Sidney Crosby and Jordan Staal or BOTH Sedin twins. The first combination is a duo of centers that anchored the Pittsburgh Penguins to Stanley Cup immortality in 2009. The latter, is telepathy, creativity and magic on ice. They make up two-thirds of the most productive first line in the NHL; earning brother Henrik the Conn Smythe Award (most points in a season) and Art Ross Trophy (NHL MVP) in 2010. That’s what you can get for the amount of money Ilya Kovalchuk is asking (about $10 million against the cap per-season).
So what do you get out of Kovalchuk you might ask? Well for starters a minus 75 career +/- rating. Sure, he has the most goals in the NHL since he began in 2001 (338 G 304 A). But we're talking about a guy who back-checks lazier than NBA defenses. $10 million/yr for a guy who doesn’t kill penalties, or fails lead by example or gusto. The amount of money he is asking, along with his ability to logjam all other free agency signings is a clear indication of his self-centeredness in a sport where that mind-set doesn’t translate into wins.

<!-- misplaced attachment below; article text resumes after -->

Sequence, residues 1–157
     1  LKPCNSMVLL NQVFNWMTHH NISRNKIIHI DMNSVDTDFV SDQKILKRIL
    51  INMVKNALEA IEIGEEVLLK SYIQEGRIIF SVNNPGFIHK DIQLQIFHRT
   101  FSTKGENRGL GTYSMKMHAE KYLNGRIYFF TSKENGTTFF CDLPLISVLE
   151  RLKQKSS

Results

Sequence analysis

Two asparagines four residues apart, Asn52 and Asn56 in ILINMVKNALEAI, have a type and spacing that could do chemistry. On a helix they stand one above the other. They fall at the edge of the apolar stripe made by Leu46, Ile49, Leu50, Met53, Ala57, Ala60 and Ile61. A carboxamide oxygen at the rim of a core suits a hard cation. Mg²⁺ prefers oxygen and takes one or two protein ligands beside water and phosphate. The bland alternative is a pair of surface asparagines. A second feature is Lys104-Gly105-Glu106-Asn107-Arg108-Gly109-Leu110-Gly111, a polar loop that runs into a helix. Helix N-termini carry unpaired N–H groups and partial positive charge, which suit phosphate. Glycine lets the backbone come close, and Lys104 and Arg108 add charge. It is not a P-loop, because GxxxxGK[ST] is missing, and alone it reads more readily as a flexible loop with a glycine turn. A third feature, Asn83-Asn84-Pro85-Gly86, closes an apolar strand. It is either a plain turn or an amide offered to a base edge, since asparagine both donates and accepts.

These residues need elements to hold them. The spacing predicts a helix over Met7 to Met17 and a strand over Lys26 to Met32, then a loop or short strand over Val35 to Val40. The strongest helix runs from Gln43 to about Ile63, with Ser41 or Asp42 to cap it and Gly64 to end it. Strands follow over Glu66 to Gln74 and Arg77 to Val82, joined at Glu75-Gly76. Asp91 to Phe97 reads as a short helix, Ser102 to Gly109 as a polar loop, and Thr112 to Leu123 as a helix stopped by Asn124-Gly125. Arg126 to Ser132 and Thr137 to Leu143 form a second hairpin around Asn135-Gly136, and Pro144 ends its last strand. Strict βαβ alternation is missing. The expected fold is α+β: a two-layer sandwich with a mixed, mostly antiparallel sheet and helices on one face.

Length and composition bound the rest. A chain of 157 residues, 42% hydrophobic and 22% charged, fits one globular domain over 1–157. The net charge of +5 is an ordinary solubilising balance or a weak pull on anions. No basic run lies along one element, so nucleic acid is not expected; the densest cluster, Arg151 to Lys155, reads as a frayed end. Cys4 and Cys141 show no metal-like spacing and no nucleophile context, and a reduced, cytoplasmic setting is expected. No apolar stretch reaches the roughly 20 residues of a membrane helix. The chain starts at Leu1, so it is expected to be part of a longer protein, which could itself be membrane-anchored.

The New Jersey Devils thought that his services was worth their wild when they sent formidable NHL talent to Atlanta at the deadline. Ilya scored 10 goals in 27 regular season games for the Devils, but it wasn’t enough to get the 2nd place Devils out of the first round of the playoffs. Ilya fans will say it wasn’t all his fault, and they're right. But you can be sure at $10 million per season, they will.
In an age where every dollar under the salary cap is precious, can any one team afford to pay Kovalchuk 2 million more than fellow Russian, Alex Ovechkin? The league's most exciting player, and player who sells more tickets and generates more buzz in the NHL than anyone else.
The hockey world waits on edge for Kovalchuk's decision, just as NBA fans waited for Lebron. The difference is, James was worth the wait.